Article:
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In quest of a heritage

(Left) My grandfather, Sayed Hoosen. Middelrus near Mooi River, Kwazulu Natal, South Africa, 1940. (Right) My father Ameer Sayed Hoosen and brother, Farouk Hoosen. Durban, Kwazulu Natal, South Africa, 1960

Image and Text contributed by Fazila Benoit, Winchester, England

This is a composite photograph of my Grandfather Sayed Hoosen, my father Ameer Sayed Hoosen and my brother Farouk Hoosen. The photo on the left is my paternal grandfather Sayed Hoosen who was born circa 1893 in Ghala, a village near Surat, Bombay Presidency (now in Gujarat). He was the fourth child of my great grand-parents Sayed Murtaza Mansoor and Khairunissa.

In 1910, seeking new work opportunities , my grandfather, a 17 year old, came to South Africa by ship along with two of his brothers. Ship records indicate that the journey from the Indian shores to South Africa may have taken about 40 days. After arriving in SA, my grandfather began working as labourer and in 1912, he married my grandmother Roshan Hashim. We don’t know very much about my grandmother’s background, except that her family was from Rander, a district in Surat, and her father’s name was Hashim Rasool Sheikh.

Sayed Hoosen took up a job as a store manager and within a few years, by 1918, he went on to open his first trading store in Stanger, near Durban and then seven more such stores. He even established transport business, albeit through the next two decades he lost control over that business due to family disputes, as well as offering property to family members in difficulty. My grandparents had 14 children, all of whom who were brought up in South Africa, mostly between the provinces of Transvaal (now Gauteng) and Natal and eventually moved into bigger towns and cities.

My grandfather passed away in 1946 and it is unfortunate that I never got to meet him. Of his 14 children, including my father, only a daughter, survives.

The photograph on the right is of my father Ameer Sayed Hoosen holding my older brother Farouk. My father was born in 1929, and often reminisced about his younger days, growing up in the farmlands of the Natal Midlands. His stories included details of the simple rural life they led, walking miles to the local village school, as well enjoying the fresh produce from their farmland. He spoke fluent Zulu, the language of the local area. When he grew up, he began managing one of my grandfather’s stores, General Stores that sold a variety of goods like tea and sugar, but also some luxury items like crockery and cloth that were imported from England. My father worked as a salesman for most of his life and he loved his work – approachable and friendly, he loved meeting and serving people. He was committed to his family and it was a joy to have him visit me in England on a couple of occasions when he had retired from working life.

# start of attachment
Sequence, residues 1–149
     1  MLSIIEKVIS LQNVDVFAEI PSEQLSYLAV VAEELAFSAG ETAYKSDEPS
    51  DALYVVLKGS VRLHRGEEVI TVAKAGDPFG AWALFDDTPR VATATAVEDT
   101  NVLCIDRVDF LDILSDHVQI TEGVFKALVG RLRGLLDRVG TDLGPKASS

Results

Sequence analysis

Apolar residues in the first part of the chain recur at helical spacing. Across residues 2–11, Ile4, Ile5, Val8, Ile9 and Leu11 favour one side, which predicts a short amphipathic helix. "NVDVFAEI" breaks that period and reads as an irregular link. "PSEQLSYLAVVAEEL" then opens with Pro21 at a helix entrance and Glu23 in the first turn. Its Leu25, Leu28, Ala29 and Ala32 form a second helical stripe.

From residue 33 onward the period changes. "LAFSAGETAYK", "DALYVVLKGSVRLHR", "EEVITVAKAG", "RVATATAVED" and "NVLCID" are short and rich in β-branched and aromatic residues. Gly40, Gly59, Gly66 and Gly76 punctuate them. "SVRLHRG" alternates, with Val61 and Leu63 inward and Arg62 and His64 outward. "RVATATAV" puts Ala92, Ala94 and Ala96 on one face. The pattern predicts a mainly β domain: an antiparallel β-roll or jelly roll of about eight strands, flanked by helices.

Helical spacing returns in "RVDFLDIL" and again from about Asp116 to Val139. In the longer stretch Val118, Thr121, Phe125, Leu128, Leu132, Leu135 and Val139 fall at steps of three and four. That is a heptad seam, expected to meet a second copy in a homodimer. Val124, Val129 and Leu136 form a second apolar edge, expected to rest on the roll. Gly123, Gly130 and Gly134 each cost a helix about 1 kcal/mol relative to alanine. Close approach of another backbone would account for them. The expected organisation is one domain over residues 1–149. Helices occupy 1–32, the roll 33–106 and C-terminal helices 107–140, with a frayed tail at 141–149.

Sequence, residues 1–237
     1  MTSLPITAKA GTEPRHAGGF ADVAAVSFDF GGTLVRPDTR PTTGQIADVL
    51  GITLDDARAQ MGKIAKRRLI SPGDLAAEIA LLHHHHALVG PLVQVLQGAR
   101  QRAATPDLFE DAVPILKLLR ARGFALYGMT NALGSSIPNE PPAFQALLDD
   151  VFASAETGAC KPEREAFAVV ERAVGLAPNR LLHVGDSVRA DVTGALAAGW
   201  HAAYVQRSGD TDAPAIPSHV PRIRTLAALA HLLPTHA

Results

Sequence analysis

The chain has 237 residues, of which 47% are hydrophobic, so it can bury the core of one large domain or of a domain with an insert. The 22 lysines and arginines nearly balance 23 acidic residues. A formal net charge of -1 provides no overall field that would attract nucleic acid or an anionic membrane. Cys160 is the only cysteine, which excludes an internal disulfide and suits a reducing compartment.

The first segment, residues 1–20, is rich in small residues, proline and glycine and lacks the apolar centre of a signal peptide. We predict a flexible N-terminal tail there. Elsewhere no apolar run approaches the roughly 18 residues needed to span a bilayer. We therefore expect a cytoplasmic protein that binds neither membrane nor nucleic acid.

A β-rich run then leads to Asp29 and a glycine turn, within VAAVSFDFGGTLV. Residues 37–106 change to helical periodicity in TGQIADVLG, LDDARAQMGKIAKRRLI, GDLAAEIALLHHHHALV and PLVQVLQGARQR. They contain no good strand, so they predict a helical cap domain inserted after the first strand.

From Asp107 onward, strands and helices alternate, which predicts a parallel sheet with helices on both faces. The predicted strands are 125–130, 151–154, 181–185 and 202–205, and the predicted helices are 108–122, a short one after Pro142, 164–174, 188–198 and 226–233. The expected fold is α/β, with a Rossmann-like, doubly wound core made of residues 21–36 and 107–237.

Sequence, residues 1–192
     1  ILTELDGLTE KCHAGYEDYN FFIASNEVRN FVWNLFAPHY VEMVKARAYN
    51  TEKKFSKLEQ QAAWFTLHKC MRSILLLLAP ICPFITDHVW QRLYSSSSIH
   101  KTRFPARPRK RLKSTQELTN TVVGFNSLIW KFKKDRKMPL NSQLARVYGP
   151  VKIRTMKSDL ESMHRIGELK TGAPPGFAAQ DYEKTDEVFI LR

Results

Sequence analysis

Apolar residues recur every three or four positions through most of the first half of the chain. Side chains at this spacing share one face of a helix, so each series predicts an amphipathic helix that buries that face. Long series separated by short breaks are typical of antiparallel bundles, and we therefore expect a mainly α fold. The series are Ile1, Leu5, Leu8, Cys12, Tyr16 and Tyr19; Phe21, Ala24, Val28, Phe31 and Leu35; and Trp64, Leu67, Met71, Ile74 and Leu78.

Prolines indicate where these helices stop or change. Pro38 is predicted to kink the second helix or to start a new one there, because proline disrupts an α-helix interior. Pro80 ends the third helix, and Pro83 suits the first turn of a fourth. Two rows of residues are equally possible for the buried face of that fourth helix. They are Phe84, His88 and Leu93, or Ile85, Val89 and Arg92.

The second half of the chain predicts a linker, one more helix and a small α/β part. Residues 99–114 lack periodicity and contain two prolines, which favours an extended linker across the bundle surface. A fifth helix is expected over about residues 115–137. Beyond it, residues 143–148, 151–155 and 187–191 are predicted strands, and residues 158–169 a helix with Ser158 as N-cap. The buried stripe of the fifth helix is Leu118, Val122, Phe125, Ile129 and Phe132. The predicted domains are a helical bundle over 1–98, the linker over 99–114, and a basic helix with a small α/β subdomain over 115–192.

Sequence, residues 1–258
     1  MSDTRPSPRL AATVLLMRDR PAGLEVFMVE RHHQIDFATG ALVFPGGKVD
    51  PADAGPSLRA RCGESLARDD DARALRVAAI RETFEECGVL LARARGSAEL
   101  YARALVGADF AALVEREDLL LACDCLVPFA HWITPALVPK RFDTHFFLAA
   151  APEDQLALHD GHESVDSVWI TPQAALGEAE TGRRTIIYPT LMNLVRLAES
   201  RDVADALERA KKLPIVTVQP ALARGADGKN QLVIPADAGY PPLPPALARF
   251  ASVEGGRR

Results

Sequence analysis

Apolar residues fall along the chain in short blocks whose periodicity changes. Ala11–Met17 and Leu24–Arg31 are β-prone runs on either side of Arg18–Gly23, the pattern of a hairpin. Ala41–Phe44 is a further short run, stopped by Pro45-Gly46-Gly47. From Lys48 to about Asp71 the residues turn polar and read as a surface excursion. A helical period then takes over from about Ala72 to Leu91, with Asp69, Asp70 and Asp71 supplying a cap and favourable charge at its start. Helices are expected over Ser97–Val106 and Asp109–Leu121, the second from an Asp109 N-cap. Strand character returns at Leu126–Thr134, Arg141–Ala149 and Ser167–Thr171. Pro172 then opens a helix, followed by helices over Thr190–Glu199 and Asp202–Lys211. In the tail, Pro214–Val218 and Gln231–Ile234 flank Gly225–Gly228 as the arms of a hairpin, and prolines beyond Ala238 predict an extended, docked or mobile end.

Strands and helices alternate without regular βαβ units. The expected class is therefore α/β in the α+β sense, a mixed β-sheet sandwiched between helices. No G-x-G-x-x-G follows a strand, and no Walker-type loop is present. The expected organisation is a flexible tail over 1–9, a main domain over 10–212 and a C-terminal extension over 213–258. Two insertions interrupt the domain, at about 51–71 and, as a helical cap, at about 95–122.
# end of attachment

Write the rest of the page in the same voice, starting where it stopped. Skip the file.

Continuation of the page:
In February of 2019, I lost my father. I had lived with him and my family until I was 18 years old. I had moved to the UK for studies, and then later to France to live with my husband. Ever since then, I had visited my father every year and now it feels like an important part of my life has been lost forever.

Since my father’s death, harbouring a great desire to connect with my heritage, I travelled to Ghala in Gujarat for the first time in October 2019 and was deeply moved to see a empty house (now owned by extended family members), that my grandfather lived in until he was 17. Unfortunately, I couldn’t find out what his life may have been like or what my ancestors did, but Ghala is still quite rural, small and remote, so it may have been a simple and conservative life.

I remain intrigued by my grandfather’s decision to leave his hometown over a century ago and travel to unfamiliar lands to begin a new life. I am also suspended in time, wondering what part of this heritage I may carry with me and where exactly I belong.

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